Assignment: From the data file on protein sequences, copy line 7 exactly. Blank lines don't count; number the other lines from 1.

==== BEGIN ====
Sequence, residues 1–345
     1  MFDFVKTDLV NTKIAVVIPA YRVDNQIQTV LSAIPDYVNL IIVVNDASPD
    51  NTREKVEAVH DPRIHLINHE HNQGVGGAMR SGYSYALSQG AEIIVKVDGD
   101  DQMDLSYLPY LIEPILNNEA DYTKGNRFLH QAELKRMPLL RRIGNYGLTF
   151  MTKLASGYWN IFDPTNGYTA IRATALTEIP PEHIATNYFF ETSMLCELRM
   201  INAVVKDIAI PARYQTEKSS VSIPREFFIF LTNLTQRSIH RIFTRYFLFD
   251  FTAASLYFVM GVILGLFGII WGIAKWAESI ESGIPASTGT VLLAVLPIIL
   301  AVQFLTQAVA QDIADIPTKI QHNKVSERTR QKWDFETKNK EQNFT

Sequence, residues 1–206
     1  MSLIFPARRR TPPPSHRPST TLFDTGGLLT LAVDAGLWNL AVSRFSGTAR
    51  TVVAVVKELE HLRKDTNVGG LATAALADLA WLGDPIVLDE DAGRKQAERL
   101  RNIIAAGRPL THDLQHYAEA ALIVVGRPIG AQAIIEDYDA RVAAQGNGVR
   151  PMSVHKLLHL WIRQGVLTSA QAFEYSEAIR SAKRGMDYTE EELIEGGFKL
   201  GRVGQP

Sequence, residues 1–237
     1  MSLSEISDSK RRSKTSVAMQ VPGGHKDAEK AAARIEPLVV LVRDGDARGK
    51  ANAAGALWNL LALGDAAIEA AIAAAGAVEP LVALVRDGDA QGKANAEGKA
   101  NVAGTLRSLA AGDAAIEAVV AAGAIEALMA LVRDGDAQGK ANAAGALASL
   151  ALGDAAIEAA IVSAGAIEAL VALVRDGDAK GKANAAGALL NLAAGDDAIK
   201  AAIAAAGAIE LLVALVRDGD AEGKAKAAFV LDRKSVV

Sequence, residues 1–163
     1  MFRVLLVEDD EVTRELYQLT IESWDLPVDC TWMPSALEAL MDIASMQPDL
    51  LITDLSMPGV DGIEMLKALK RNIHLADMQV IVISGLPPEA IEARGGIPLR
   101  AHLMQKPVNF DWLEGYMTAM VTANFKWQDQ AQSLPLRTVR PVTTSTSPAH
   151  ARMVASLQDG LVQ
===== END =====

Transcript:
   251  FTAASLYFVM GVILGLFGII WGIAKWAESI ESGIPASTGT VLLAVLPIIL